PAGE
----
How Does Child Visitation Work After Filing a Divorce?
Learn More About Child Visitation After Divorce
Visitation Agreements: An Overview
While a family law judge will try to do their best to make sure both parents are included in the children's life despite a divorce, custody agreements are not always so simple. While shared custody is often the goal, it's not always a feasible agreement and may not be determined the best decision for the children. In some cases, one parent will be awarded primary custody of the children while granting the other parent visitation rights.
The parent with primary custody is referred to as the custodial parent, while the parent with visitation rights is called the non-custodial parent. The goal of the agreement is to allow each parent one on one time with the child or children. The judge will ask the parents to set a visitation schedule that works best for them and their children.
The non-custodial parent's visitation hours could be the weekends or every other weekend, or they could be based on an activity or holiday. The parents will be encouraged to be flexible with their schedules to make things as easy as possible for the parents and children. If this is not possible or advisable, there are other types of visitation agreements.
Fixed Visitation vs. Supervised Visitation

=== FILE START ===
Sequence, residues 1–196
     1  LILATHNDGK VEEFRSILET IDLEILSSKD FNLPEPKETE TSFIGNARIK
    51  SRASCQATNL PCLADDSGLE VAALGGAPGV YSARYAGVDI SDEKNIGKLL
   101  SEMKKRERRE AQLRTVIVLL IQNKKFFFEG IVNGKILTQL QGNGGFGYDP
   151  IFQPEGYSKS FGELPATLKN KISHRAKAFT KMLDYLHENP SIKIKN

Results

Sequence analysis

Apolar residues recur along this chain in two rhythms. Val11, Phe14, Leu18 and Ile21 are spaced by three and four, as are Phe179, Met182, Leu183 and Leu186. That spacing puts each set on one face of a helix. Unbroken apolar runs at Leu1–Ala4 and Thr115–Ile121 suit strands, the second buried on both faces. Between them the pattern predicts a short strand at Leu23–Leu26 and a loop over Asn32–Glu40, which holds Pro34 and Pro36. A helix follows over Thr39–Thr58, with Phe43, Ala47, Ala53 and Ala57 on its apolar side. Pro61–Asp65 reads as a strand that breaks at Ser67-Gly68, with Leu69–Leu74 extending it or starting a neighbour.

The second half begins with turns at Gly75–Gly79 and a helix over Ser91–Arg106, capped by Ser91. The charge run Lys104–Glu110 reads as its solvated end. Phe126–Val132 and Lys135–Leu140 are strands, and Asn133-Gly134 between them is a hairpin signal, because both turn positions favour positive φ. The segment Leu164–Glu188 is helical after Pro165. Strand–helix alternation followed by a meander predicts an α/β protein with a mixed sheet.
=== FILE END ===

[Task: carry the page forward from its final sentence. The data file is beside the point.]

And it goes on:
Fixed visitation is needed when the parents cannot agree on a schedule for seeing their kids. In this case, the court will make a fixed visitation plan, meaning that the parents must stick to a set schedule of what parent has the children and when without flexibility. In some severe cases, supervised visitation is awarded.
Supervised visitation is used when one of the parents is considered to be a potential threat or danger to the child or incompetent in caring for the child. While the parent still has the right to see the child in supervised visitation, a third-party member must be present during the time that the child spends with the parent that poses a risk.
Typically, the third party will be a child service worker, a therapist, or a counselor. This visitation type is put into place so that the parent can still see the child without putting the child's well-being at risk.
Child Visitation: What You Need to Know
If you are going through a divorce, you may be grappling with what kind of custody arrangement will be best for your family. When deciding on a custody arrangement, make sure you keep both parents and the children involved in mind to find the best solution for everyone. Keep this guide on child visitation in mind to prepare for your custody arrangement.